State of the Evidence Review on Urban Health and Healthy Weights
Publication or External Link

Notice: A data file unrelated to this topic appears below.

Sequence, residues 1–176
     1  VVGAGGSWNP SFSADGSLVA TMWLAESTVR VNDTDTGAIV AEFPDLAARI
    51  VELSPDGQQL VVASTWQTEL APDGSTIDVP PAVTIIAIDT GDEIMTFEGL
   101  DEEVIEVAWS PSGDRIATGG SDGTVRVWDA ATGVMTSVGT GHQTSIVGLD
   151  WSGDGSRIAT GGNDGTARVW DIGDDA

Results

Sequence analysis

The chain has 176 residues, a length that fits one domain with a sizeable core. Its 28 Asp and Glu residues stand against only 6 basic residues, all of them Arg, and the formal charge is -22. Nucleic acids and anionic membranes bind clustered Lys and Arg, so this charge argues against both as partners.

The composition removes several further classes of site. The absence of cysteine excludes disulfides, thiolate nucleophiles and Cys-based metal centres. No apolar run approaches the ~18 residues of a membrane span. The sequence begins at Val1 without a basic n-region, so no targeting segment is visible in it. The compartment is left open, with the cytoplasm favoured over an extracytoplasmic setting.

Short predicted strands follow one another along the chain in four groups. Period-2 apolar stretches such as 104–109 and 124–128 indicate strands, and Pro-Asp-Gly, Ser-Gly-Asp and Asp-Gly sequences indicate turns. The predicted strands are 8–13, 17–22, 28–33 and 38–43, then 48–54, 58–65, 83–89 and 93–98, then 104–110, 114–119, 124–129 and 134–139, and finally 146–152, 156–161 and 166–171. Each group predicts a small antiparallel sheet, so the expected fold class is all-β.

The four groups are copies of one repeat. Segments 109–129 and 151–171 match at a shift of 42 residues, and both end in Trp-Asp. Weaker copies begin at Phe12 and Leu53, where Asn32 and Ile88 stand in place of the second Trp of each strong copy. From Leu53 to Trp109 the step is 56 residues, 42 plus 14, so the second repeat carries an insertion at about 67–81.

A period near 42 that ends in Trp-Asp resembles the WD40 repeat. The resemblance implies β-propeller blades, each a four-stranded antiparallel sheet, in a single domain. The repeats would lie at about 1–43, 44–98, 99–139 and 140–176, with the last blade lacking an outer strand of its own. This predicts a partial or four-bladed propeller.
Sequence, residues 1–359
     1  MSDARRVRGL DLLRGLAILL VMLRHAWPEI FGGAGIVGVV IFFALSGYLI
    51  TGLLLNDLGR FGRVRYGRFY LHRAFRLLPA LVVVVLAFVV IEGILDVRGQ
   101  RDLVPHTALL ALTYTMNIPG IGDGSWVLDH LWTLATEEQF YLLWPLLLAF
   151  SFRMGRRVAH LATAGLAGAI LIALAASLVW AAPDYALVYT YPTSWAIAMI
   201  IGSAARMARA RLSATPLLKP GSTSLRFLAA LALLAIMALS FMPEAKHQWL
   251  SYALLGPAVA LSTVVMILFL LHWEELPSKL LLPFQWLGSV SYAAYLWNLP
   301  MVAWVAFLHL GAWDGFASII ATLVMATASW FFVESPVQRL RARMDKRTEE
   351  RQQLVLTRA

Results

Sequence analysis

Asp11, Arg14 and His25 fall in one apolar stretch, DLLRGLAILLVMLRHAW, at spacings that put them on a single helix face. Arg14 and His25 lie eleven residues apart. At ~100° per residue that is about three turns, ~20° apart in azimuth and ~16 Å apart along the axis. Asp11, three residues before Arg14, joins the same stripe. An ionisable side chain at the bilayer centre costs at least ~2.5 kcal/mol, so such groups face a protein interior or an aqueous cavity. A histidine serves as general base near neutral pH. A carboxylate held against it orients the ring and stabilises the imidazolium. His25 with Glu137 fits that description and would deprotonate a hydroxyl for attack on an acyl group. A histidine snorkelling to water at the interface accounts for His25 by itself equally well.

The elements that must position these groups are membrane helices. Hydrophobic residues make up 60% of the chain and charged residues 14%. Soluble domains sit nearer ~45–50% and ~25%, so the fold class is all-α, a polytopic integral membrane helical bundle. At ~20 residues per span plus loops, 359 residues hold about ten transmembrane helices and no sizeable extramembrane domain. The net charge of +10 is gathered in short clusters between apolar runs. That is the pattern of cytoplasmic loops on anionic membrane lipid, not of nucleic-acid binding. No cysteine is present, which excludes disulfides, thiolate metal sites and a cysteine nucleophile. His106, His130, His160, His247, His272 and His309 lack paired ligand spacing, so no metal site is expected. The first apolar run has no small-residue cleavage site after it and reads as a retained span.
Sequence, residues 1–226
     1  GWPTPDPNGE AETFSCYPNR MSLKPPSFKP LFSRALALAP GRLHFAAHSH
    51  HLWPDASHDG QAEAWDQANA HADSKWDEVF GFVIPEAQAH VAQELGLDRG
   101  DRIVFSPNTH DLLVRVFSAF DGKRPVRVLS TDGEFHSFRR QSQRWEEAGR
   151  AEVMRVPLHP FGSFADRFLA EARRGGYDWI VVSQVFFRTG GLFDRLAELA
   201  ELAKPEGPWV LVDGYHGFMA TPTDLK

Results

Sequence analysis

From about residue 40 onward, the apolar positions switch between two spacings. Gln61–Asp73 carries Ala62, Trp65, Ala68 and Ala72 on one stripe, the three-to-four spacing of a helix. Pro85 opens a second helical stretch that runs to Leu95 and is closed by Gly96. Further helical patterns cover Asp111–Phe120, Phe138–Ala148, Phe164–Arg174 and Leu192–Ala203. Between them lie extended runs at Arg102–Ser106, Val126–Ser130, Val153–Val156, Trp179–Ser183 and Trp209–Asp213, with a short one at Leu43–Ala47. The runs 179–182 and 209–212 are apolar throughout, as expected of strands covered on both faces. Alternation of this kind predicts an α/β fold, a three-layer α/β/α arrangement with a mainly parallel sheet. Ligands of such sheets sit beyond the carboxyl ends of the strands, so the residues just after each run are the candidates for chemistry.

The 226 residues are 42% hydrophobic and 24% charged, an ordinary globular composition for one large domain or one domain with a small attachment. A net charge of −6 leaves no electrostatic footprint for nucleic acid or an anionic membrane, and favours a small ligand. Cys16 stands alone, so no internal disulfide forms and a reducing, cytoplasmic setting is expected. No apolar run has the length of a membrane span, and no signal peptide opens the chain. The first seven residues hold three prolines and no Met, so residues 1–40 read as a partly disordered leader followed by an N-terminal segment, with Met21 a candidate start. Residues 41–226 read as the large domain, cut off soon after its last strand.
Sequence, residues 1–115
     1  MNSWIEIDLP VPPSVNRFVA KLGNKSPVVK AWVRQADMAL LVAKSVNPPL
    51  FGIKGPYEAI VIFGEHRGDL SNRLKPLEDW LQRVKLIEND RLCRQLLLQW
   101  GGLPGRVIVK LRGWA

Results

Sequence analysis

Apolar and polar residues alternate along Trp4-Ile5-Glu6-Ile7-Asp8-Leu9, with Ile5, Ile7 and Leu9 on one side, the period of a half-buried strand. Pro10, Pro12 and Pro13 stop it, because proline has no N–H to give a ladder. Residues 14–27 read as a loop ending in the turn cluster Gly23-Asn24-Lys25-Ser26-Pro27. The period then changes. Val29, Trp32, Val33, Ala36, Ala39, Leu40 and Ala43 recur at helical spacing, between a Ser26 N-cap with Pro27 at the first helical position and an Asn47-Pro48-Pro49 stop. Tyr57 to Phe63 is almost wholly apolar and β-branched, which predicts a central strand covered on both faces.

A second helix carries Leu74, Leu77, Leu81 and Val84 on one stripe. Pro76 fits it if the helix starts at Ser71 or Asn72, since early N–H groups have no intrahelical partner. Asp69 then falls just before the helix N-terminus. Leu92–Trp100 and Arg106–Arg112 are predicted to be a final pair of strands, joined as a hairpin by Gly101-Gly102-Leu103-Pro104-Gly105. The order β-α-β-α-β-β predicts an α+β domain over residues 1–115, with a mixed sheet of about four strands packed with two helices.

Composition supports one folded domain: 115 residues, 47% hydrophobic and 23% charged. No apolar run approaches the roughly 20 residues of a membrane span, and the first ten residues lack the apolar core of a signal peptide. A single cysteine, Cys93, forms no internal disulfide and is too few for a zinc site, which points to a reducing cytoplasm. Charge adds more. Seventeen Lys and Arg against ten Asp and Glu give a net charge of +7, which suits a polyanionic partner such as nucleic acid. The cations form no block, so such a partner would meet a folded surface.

This review revealed that evidence exists for associations between aspects of the urban environment and behaviours contributing to obesity. Economic environments—For individuals, a lower socio‐economic status (education level, income, employment) was often associated with increased obesity among both adults and children. For instance, lower personal income affects affordability of food, which demonstrates the most consistent influence on food consumption. Similarly, individuals living in middle‐income to high‐income neighbourhoods are more likely to be physically active than their counterparts in lower‐income neighbourhoods. Lower‐income neighbourhoods are also more likely to contain greater access to sources of energy‐dense foods (for example, fast foods) and lower access to supermarkets or other stores stocking healthy foods. What this means is that interventions aimed at improving the income and educational status of individuals and families within urban environments may help address disparities in obesity. Also, improving access to healthy foods and recreation opportunities in lowerincome neighbourhoods may help to create a “healthy weight” friendly environment. School environment—Although schools are not specific to urban areas, studies from interventions performed in schools (for example, availability of healthy choices in vending machines or point‐of‐purchase nutrition information) showed evidence for improving eating behaviours. All studies had at least some positive effects on food intake, either increasing healthy food choices or decreasing unhealthy alternatives, though no school interventions significantly affected body weights. However, it should be noted that some studies that have assessed the impact of school‐based programs on body weights may not have been included in this review because they did not specify an urban setting. What this means is that comprehensive school food policies or educational interventions that promote healthy food choices are likely to have beneficial effects on children’s eating habits. Built environment—The most consistent environmental associations observed for physical activity were elements of the built environment. Hallmarks of walkability (for example, increased residential density, mixed‐use zoning and street connectivity) and access to recreational facilities are associated with healthy body weights. People’s perceptions of their built environment are also key. What this means is that walkability of neighbourhoods and access to recreational facilities in and around neighbourhoods may assist in promoting healthy weights. Lack of intervention evidence—Very little evidence exists for the effectiveness of interventions in achieving healthy weights in an urban context. More evaluations are needed to take into account natural experiments in urban environments (for example, does the proliferation of bicycle lanes increase cycling?).